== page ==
A poem by  Alfonso Gatto, translated by Lisa Mullenneaux 

If you only knew, Italy
is a poor land where man
is born with the dead, blue with the stones
of ages, the cathedral next to his house.
She has blue evenings
and dark swallows on her cornices,
the whole world is the fragrance
of a field of wildflowers, of the sea
lost in its own color.
And nothing is left her but to call,
nothing is left but to love
dead things
lost things
the moon on the doors
and mute faces.

If you only knew, Italy
is the poor land where one hopes to say
goodbye to the mountains, where
moon-bleached villages stretch
at evening into the arms of their mothers.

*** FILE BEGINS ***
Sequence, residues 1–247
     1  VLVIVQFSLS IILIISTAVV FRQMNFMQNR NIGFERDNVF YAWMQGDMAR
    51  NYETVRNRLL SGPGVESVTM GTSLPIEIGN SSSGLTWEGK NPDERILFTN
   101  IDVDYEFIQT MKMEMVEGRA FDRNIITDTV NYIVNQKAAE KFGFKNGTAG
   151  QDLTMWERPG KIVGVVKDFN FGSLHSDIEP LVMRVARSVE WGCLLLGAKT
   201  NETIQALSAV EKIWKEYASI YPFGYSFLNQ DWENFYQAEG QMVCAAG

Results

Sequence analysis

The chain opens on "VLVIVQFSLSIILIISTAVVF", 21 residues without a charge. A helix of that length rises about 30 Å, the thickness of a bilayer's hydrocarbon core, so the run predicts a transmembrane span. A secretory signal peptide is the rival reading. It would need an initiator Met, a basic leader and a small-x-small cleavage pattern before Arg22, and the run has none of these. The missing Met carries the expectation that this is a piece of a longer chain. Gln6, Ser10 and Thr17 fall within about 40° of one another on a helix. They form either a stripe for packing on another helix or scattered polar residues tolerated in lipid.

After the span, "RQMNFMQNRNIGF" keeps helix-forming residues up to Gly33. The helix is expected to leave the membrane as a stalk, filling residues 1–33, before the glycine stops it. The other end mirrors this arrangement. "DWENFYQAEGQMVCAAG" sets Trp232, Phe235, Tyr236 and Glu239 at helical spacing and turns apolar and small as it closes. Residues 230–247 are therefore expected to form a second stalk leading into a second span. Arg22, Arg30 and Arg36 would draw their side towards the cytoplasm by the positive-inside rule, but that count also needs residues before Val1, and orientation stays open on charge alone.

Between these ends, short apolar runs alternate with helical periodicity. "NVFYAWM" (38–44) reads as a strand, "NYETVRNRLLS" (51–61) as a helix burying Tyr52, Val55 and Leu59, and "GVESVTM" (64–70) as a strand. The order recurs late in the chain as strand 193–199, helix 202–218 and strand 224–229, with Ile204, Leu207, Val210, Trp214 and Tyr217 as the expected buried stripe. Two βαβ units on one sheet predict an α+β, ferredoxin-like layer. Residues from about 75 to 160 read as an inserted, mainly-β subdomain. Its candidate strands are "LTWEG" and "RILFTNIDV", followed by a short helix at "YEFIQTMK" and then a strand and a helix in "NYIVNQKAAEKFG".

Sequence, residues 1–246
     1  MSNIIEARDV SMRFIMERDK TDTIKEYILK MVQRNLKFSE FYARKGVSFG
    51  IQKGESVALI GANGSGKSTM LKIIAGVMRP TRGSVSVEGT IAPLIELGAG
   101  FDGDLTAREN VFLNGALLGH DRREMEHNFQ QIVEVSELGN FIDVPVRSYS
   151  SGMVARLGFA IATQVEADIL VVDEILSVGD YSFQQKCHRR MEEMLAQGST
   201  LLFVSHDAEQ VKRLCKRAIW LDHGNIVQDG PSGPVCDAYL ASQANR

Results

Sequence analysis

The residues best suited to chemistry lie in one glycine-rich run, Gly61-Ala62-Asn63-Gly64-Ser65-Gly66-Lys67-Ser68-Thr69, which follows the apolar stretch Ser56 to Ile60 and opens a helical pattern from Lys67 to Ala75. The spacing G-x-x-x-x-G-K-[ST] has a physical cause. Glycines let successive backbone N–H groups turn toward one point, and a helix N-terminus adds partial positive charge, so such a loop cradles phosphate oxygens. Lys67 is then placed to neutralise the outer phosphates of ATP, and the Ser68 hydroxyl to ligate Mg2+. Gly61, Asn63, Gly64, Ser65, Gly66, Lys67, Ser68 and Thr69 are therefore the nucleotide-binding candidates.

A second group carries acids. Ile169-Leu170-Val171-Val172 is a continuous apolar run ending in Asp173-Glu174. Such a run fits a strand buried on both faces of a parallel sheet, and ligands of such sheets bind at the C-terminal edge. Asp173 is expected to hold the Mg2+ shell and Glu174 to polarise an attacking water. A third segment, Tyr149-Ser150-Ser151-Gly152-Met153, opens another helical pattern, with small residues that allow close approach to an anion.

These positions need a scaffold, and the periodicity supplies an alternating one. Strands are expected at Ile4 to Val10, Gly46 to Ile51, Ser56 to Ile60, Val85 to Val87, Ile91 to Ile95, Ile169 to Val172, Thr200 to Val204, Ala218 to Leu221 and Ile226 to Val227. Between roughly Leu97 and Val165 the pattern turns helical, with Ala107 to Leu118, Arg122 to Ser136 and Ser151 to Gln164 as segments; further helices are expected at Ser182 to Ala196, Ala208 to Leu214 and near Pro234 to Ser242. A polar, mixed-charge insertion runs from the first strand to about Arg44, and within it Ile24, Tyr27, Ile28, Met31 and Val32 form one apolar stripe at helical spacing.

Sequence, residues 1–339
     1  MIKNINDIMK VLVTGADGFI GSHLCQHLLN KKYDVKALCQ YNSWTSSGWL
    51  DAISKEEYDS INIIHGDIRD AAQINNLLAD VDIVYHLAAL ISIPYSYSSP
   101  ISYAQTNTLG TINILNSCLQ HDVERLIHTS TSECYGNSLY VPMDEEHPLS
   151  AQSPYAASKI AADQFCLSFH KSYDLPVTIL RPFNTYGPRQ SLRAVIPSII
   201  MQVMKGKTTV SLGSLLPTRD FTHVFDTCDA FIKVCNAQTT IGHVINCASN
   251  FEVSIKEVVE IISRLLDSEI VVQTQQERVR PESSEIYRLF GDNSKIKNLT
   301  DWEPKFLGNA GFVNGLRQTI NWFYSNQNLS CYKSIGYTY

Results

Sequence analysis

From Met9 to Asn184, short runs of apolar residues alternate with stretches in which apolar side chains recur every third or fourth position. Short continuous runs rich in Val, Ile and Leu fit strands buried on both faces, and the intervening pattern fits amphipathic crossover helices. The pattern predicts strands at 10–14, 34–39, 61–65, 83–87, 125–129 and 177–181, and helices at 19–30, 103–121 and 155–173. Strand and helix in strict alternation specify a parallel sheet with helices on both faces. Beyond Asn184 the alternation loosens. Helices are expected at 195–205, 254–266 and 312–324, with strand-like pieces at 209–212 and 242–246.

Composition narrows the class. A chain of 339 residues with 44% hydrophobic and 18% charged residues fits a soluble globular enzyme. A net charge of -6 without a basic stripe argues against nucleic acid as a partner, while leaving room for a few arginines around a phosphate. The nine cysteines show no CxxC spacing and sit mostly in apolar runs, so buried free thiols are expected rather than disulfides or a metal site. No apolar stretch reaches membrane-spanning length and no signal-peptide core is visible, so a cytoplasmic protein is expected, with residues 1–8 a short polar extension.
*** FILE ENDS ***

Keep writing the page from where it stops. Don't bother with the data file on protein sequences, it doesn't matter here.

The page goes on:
And all this is so tender, distant—
lanterns where flames tremble
on ships at sea, sleep easily broken
by babies’ cries.
And nothing is left us but to be quiet
through all the long evenings,
nothing left us but to watch
the trains that climb to the horizons.

Each man is born here with his own life,
and loves it fiercely and pits it against the dead,
the stones, the churches. If his heart
bears the sorrow that consumes him
in actions, words, and faces one day
Italy will sing amid her people
of opened tombs, of evenings the color
of blood where hate is stronger than the eyes,
the mouth, the hands that shake the light.



Alfonso Gatto & Lisa Mullenneaux